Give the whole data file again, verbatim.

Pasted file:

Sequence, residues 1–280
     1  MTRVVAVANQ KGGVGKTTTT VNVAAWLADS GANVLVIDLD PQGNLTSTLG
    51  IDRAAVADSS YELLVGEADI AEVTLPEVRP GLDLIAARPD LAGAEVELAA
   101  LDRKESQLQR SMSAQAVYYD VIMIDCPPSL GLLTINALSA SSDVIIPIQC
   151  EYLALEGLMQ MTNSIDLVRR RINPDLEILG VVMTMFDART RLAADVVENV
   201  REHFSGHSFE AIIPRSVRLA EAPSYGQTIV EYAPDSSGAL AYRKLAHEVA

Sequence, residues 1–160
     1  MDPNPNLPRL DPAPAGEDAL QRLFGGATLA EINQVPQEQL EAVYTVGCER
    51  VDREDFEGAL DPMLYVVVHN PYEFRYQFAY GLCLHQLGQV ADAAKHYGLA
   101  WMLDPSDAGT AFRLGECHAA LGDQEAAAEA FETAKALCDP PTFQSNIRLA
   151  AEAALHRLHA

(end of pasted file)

Sequence, residues 1–280
     1  MTRVVAVANQ KGGVGKTTTT VNVAAWLADS GANVLVIDLD PQGNLTSTLG
    51  IDRAAVADSS YELLVGEADI AEVTLPEVRP GLDLIAARPD LAGAEVELAA
   101  LDRKESQLQR SMSAQAVYYD VIMIDCPPSL GLLTINALSA SSDVIIPIQC
   151  EYLALEGLMQ MTNSIDLVRR RINPDLEILG VVMTMFDART RLAADVVENV
   201  REHFSGHSFE AIIPRSVRLA EAPSYGQTIV EYAPDSSGAL AYRKLAHEVA

Sequence, residues 1–160
     1  MDPNPNLPRL DPAPAGEDAL QRLFGGATLA EINQVPQEQL EAVYTVGCER
    51  VDREDFEGAL DPMLYVVVHN PYEFRYQFAY GLCLHQLGQV ADAAKHYGLA
   101  WMLDPSDAGT AFRLGECHAA LGDQEAAAEA FETAKALCDP PTFQSNIRLA
   151  AEAALHRLHA